The stoat is a member of the mustelid family, along with weasels and ferrets. It was introduced to New Zealand in the 1880s to control rabbits and hares but is now a fierce predator of our native species.
Rats have a major impact on New Zealand’s wildlife because they eat native animals and their eggs. They also eat a wide range of native fruit and plants, which puts them in competition with native wildlife for food.
Ship rats (Rattus rattus) do the most damage to our wildlife out of the three rat species found in New Zealand. They are good climbers, so they can access most bird nests high in trees.
Norway rats (Rattus norvegicus) are large enough to kill nesting adult seabirds and prey on animals that live, roost or nest close to the ground.
House mice (Mus musculus) belong to the rat family. Mice, which are smaller than rats, live both in areas of human habitation, and in forest edges and pasture or grasslands. Most active at dusk and dawn, mice feed on invertebrates, vegetation and seeds.
See link at top of right column for a pdf file showing our trapping results.
Trapping at Mangarakau
Pest control has been and continues to be a major task for us. We started in 2004 with what was then considered to be best practise using DOC200 traps, targeting stoats, weasels and rats. Very few mice were caught and were not recorded. Victor Professional rat traps were later introduced as they proved to catch more rats and were considerably cheaper to install. They are also quite effective for mice.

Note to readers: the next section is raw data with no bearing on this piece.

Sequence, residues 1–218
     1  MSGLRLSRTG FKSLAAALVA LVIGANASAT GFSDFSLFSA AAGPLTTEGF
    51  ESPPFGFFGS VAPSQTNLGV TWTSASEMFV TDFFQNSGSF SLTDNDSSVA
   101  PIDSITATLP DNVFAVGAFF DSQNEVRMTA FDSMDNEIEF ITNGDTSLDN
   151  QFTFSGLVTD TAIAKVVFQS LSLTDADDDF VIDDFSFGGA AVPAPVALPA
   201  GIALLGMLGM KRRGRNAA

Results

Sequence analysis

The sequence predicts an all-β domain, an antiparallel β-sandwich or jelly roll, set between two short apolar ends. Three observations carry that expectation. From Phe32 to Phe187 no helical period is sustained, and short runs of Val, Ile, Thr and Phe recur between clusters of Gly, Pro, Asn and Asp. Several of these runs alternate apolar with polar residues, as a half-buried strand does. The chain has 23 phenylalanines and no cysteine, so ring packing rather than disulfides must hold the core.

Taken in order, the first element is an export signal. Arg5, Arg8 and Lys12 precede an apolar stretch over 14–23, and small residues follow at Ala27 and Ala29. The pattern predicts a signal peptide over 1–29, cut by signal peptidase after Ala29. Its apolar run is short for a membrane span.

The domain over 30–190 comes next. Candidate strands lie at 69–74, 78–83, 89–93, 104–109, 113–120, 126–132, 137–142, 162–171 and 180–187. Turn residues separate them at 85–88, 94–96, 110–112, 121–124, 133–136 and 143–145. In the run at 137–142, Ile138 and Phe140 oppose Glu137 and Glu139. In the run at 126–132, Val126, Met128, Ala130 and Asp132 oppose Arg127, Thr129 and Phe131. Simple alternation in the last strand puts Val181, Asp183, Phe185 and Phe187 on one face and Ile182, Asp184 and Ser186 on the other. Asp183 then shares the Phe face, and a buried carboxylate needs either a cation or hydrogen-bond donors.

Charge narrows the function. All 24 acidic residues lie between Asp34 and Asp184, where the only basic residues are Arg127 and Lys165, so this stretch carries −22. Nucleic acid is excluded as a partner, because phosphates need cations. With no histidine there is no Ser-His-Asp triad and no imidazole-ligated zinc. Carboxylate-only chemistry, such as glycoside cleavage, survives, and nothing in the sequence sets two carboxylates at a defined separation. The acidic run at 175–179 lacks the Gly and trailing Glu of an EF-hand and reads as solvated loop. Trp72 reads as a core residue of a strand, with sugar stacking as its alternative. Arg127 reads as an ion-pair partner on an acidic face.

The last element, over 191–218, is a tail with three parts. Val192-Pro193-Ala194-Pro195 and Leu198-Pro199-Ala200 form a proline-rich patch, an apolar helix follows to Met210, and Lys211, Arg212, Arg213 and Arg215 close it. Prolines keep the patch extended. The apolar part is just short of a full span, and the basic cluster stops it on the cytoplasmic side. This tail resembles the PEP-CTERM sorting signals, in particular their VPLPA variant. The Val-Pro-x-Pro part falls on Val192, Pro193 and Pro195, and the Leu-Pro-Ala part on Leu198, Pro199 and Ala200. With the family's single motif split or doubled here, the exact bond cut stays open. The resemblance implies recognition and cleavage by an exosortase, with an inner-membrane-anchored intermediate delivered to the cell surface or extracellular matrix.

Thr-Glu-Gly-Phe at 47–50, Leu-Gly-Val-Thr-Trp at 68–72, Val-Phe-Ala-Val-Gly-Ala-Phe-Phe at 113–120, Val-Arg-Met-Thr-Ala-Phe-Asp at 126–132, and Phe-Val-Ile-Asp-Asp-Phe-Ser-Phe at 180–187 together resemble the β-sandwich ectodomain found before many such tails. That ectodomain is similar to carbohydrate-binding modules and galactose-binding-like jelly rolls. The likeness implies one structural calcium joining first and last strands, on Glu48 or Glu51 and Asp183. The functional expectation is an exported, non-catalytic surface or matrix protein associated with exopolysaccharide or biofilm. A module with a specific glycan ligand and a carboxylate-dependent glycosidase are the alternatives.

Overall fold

We now have 111 DOC traps, a mixture of 150’s and 200’s, 165 rat traps, predominately Victors and are also trialling Snap Traps. When we started our snail protection area in 2007 we installed Timms possum traps as possums, along with rats are great predators of the snail.
Most of the trap lines are checked every fortnight but some particularly vulnerable lines are often checked weekly. The DOC traps are baited with an egg, rat traps with peanut butter and Timms with apple.
We are now starting to trial the automatic re-setting Good Nature traps and bait stations for rats.
The large spikes of rat numbers caught in 2014 and 2016 we believe to result from the extra heavy fruiting of Kahikatea and Coprosma providing easily available food for the rats.
We are trapping, not only on our land but also 2 areas of adjacent DOC land:
1) the snail patch behind the old Mangarakau school, and
2) the ridge and valleys between us and Lake Mangarakau where we have several pairs of robins breeding.
An extensive range of traps are placed to catch introduced predators preying on wildlife at the swamp.